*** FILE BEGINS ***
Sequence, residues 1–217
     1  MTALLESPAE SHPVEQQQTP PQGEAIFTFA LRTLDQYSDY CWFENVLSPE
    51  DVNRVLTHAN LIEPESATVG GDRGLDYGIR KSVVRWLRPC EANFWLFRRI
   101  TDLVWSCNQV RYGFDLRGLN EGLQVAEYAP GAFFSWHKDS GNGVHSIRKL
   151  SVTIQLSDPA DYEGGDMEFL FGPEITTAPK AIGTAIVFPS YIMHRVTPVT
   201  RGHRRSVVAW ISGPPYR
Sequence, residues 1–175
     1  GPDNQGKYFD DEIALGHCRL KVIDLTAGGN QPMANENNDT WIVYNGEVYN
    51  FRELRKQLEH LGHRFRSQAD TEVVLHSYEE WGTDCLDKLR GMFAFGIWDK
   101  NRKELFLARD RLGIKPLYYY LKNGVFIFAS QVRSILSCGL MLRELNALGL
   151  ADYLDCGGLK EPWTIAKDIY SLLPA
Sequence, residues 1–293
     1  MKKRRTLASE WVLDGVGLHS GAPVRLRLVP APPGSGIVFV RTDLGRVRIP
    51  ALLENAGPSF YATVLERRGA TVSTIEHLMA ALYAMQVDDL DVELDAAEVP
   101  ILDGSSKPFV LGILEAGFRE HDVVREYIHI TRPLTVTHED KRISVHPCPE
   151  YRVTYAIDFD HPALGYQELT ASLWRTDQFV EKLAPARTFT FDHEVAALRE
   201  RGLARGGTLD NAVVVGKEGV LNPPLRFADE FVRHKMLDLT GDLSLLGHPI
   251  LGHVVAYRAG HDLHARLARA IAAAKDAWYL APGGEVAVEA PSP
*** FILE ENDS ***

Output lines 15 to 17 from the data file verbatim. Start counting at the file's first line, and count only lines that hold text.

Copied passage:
   101  ILDGSSKPFV LGILEAGFRE HDVVREYIHI TRPLTVTHED KRISVHPCPE
   151  YRVTYAIDFD HPALGYQELT ASLWRTDQFV EKLAPARTFT FDHEVAALRE
   201  RGLARGGTLD NAVVVGKEGV LNPPLRFADE FVRHKMLDLT GDLSLLGHPI